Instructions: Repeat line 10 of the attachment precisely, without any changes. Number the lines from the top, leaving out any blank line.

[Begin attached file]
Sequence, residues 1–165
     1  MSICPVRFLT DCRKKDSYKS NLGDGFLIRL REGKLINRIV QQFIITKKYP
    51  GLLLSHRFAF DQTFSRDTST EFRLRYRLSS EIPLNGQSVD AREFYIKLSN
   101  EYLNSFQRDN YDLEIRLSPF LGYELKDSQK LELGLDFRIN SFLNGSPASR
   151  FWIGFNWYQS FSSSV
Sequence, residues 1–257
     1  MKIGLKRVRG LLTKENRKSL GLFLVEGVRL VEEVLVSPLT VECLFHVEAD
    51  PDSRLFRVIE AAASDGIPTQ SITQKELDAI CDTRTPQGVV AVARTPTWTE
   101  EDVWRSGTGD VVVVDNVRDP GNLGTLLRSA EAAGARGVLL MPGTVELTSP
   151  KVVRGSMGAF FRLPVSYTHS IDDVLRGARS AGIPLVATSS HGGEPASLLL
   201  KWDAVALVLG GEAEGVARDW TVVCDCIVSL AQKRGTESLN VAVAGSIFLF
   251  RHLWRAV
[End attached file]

   151  KVVRGSMGAF FRLPVSYTHS IDDVLRGARS AGIPLVATSS HGGEPASLLL